Gluten-free celiac patients frequently experience symptomatic gluten exposure
Acute symptomatic reactions to suspected gluten exposure commonly occur in patients with celiac disease who try to adhere to a gluten-free diet, most of whom do not suspect exposure occurred until symptom onset, according to research published in Alimentary Pharmacology and Therapeutics.
“This prospective cohort study has demonstrated that among individuals with celiac disease trying to follow a gluten-free diet, symptomatic reactions to suspected gluten exposure were common, of short duration, occurred soon after suspected gluten exposure, and were frequently experienced in the context of eating at restaurants or other peoples’ homes,” investigators wrote. “These findings reflect the unavailability of practical tools for persons trying to adhere to a strict gluten-free diet to objectively assess whether a food contains gluten or if they have consumed gluten.”
To investigate the prevalence and features of symptomatic reactions to gluten exposure in celiac patients trying to adhere to a gluten-free diet, researchers from the University of Manitoba and St. Boniface Hospital in Winnipeg, Canada, partnered with an investigator from Harvard Medical School’s Celiac Research Program to survey 105 adults with newly diagnosed celiac disease (69% women; median age, 37 years).
Participants reported their diet adherence and reactions to gluten at enrollment and at 6 months by completing the Celiac Symptom Index (CSI), Celiac Diet Assessment Tool (CDAT) and Gluten-Free Eating Assessment Tool (GF-EAT).
Overall, 26% of respondents reported no gluten exposure, 66% reported they were exposed to gluten less than once a month, and the cohort’s median CDAT score of 9 indicated gluten-free diet adherence was “adequate.”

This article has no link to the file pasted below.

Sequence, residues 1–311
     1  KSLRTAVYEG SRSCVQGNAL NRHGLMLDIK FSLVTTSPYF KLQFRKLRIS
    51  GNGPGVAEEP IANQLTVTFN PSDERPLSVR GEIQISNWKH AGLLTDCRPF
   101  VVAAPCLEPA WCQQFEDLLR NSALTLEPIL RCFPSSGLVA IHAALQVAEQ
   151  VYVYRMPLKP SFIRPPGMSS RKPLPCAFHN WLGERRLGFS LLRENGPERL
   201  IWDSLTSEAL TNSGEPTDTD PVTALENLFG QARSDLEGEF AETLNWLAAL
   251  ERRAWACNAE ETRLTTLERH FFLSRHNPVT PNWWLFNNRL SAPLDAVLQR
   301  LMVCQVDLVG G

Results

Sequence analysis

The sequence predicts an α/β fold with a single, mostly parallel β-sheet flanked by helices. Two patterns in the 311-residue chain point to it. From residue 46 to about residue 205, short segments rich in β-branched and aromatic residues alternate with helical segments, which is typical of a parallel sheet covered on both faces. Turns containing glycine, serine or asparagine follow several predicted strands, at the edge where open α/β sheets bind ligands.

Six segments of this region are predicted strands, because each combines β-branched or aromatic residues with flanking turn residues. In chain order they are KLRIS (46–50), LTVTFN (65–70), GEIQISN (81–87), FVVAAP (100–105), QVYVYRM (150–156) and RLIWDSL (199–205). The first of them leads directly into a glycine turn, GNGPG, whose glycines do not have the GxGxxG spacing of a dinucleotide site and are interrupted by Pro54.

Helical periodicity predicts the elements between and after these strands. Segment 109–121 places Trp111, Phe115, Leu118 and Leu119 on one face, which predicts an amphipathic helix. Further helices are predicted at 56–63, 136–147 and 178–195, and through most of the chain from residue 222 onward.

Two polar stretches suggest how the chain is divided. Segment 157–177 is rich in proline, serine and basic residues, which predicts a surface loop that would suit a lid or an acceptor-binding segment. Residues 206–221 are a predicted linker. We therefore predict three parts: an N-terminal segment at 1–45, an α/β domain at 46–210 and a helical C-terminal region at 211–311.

Moreover, 66% reported they had a suspected symptomatic reaction to gluten, and among them 63% did not suspect gluten exposure until symptoms occurred, while 29% suspected gluten exposure after having problems ordering at a restaurant.
The median time from suspected exposure to symptom onset was 1 hour, although 13% reported their symptoms occurred at least 12 hours after exposure. Regarding amount of gluten exposure, 29% reported exposure resulted from cross-contact, 4% from crumbs, 16% from a minor ingredient, 4% from a moderate ingredient, 10% from a major ingredient and 36% were unsure. Uncertainty of exposure to gluten increased with time to symptom onset.
The most common symptoms included abdominal pain (80%) and diarrhea (52%), although fatigue (33%), headache (30%), bloating (30%) and irritability (29%) were also reported.
“It is striking that over 60% of participants did not suspect that they had consumed gluten until they experienced a reaction,” the researchers wrote. “Given that symptomatic reactions are experienced by many persons on a gluten-free diet and may be markers of gluten ingestion, follow-up by health care professionals should include assessment of reactions to suspected gluten exposure in addition to diet review.” – by Adam Leitenberger
Disclosures: Duerksen reports he has served as a speaker for Abbott Nutrition and Shire.